• Godman was variously described as having blue eyes, brown or black hair, fair, a ruddy or dark complexion and being 5′ 9″ to 5′ 10″ tall.
  • 30 September 1877 – Sergeant Thomas D. Godman; gunshot wound; left hand and left shoulder; slight wound (Nez Perce Summer 1877: The U.S. Army and the Nee-Me-Poo Crisis, by Jerome A. Greene).
  • 26 January 1878 – Discharged for disability, a sergeant, at Fort Abraham Lincoln, Dakota Territory.
  • Returns to Civilian Life
  • 17 April 1878 – Applies for an Invalid Pension, which was not successful (U.S. General Index to Pension Files, 1861-1934, Application No. 253.234).
  • From June 1886 to July 1890 Thomas Godman was Superintendent of Vicksburg National Cemetery, Vicksburg, Mississippi.
  • 20 October 1890 – Thomas D. Godman married Frances “Fannie” Harrison Quigg, daughter of James Quigg, a baker, and Catherine Mahoney Quigg, in Davidson County, Tennessee. Frances was the daughter of first generation Irish-Americans. The newlyweds set up home in Washington, D.C. where they had six children, of which only 2 survived infancy.
  • 1890 – With joint author, Lee Richardson, published In And About Vicksburg: An Illustrated Guide Book To The City of Vicksburg, Mississippi (see image right).

  • 20 October 1890 – Thomas D. Godman married Frances “Fannie” Harrison Quigg, daughter of James Quigg, a baker, and Catherine Mahoney Quigg, in Davidson County, Tennessee. Frances was the daughter of first generation Irish-Americans.
  • 18 March 1891 – Stewart Adair Godman born Washington, D.C.
  • 22 June 1892 – Lynn Quigg Godman born Washington, D.C. He died there 5 July 1892. Buried in Mount Olivet (Catholic) Cemetery, Washington, D.C.
  • 1893-1895 – Clerk to U.S. Congressman, Colonel Silas Adams, Kentucky.
  • 18 July 1893 – Twins Mary Ellinore and Rebecca A. Godman born Washington, D.C. Rebecca died 24 August and Mary died 10 August 1893. Both buried in Mount Olivet Cemetery.
  • 31 July 1894 – a male child born Washington, D.C. His name and fate are not known.
  • 14 September 1894 – Capt. T. D. Godman, wife and two interesting little boys arrived here several days ago from Washington, D. C. and are putting up at the Exchange Hotel. Mr. Godman is Col. Silas Adams’ Congressional clerk and is a man of intelligence and much information, His war experience is extensive. Entering the army in the late war at 15 years of age, he served through his enlistment and afterward was for a number of years connected with the regular army. He belonged to Benteen’s command in the Big Horn affair with Sitting Bull and immediately afterward viewed the tragic scene of Gen. Geo. A. Custer and his ill-fated but heroic men. Mr. Godman is here in the interest of his chief, Col. Adams (The Interior Journal, Stanford, Kentucky).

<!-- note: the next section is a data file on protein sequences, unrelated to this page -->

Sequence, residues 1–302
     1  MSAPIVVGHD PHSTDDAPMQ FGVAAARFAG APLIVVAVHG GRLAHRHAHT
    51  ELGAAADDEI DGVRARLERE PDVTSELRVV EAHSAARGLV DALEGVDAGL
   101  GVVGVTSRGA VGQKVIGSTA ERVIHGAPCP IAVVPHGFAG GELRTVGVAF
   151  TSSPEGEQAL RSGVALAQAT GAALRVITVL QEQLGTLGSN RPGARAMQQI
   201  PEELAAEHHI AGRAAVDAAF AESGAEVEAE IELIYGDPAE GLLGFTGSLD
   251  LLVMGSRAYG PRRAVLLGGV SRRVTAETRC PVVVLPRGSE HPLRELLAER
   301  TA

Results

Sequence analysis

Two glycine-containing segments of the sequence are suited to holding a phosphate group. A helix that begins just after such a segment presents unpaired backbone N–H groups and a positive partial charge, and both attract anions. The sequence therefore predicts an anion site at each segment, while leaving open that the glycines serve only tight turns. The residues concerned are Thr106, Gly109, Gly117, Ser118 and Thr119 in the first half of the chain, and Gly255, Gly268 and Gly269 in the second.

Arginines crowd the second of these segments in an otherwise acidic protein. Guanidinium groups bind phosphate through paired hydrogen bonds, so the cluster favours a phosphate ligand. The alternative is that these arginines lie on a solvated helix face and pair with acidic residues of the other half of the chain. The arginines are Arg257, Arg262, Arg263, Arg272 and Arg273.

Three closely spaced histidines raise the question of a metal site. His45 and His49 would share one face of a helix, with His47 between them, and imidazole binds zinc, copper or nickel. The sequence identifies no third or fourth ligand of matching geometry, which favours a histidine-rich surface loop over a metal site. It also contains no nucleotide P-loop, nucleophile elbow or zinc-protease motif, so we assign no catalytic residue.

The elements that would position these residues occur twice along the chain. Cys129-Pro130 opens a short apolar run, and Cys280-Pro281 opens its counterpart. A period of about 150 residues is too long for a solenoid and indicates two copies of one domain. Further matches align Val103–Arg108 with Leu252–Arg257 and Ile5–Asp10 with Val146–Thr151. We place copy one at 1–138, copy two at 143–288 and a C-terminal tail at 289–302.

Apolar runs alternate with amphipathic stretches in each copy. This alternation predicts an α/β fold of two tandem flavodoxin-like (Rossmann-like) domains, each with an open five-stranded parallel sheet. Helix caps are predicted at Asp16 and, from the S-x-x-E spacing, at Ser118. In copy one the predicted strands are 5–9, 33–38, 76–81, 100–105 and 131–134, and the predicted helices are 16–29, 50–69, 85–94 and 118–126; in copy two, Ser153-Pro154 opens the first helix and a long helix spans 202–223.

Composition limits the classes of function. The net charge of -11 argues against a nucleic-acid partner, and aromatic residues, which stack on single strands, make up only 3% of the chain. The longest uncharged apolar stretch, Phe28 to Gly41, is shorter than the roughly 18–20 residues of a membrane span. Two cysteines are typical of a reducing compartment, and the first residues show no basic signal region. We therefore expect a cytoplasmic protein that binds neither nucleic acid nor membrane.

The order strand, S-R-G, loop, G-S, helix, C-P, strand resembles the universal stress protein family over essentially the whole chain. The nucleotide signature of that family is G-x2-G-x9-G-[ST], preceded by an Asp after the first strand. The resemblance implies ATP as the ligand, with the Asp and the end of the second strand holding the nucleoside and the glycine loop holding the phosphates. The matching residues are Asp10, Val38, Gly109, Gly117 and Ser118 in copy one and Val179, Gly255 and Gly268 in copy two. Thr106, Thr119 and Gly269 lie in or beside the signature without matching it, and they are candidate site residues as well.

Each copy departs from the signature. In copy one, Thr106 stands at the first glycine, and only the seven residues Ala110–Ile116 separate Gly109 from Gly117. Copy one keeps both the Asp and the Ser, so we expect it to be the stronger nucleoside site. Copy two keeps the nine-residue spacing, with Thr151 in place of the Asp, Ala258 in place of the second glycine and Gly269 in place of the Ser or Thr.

• 9 April 1895 – From a late letter from Captain Thomas D, Godman, now staying for a short time in Memphis, Tenn., we learn that he has gone into partnership with Mr Griffin, of Somerset, who lately distinguished himself in the train robbery affair, in the claim agency business. All in this and surrounding counties remember the captain as the energetic clerk for Col. Adams, while a member of Congress. Captain Godman has had a varied experience in life’s thrilling drama. He was a soldier for 18 years. Entering the volunteer service in the late unpleasantness [Civil War] at the age of 14, he climbed all the way up from private to the captaincy in the regular army. This is difficult for anyone to do in time of peace, except a West pointer. In the disastrous defeat of Gen. Custer on the [Little] Big Horn he belonged to Benteen’s command and helped bury the dead the next day. He is a man of affability and his superior ability, various accomplishments, and untiring industry will enable him to be successful in anything he undertakes. He will soon return and make his headquarters at Washington, D.C. (Semi-weekly Interior Journal, Stanford, Kentucky).
  • 29 July 1896 – Melissa Godman born Washington, D.C. She married Clyde H. Calvert. Was living in Memphis, Tennessee in 1930 and had two daughters.
  • 11 November 1896 – Thomas David Godman dies Washington, D.C.
  • 12 November 1896 – DEAD IN BED – Thomas D. Godman’s Slumber Was That Which Knows No Waking – “Thomas D. Godman, forty-nine years old, was found dead in bed at 6 o’clock yesterday morning at his lodgings, No. 607 F street northwest. Coroner Hammett, who investigated the case, decided that death resulted from heart failure, and gave a certificate to that effect. Mr. Godman, was a native of South Carolina and had been engaged in newspaper work in this city for several years. He was a member of the G. A. R., and the funeral will’ take place under the auspices of the order today at 2 30 o’clock. The burial will be in Arlington Cemetery” (The Morning Times, Washington, D.C.)
  • 1 June 1900 – Madison Street, Memphis, Frances Godman and two children, Stewart A. and Mellisia (sic) were living with Frances’ elder sister, Mary Quigg (Federal Census).
  • 25 June 1900 – Laurens Township, South Carolina, M. E. Hart (formerly Mrs S. A. Godman), widow, age 69, had 6 children of which 4 were living (Federal Census).
  • 4 August 1914 – Stewart (or Steuart) Godman married Martha Eva Kinney in Arkansas.
  • 7 February 1919 – Margret (sic) Elizabeth Hart died age 88 at 1735 Ionia Street, Jacksonville, Florida (Florida Deaths, 1877-1939).
  • 2 June 1933 – Frances Quigg Godman, born Vicksburg, Mississippi, dies age 66 at 393 Angelus Place, Memphis, Tennessee. Buried in the Calvary (Catholic) Cemetery there (Tennessee, Death Records, 1914-55).
  • 18 March 1981 – Stuart Adair Godman, son of Thomas D. Godman died in Memphis, Tennessee.
  • 17 May 1991 – Melissa Calvert (nee Godman), daughter of Thomas D. Godman, died in Riverside, California.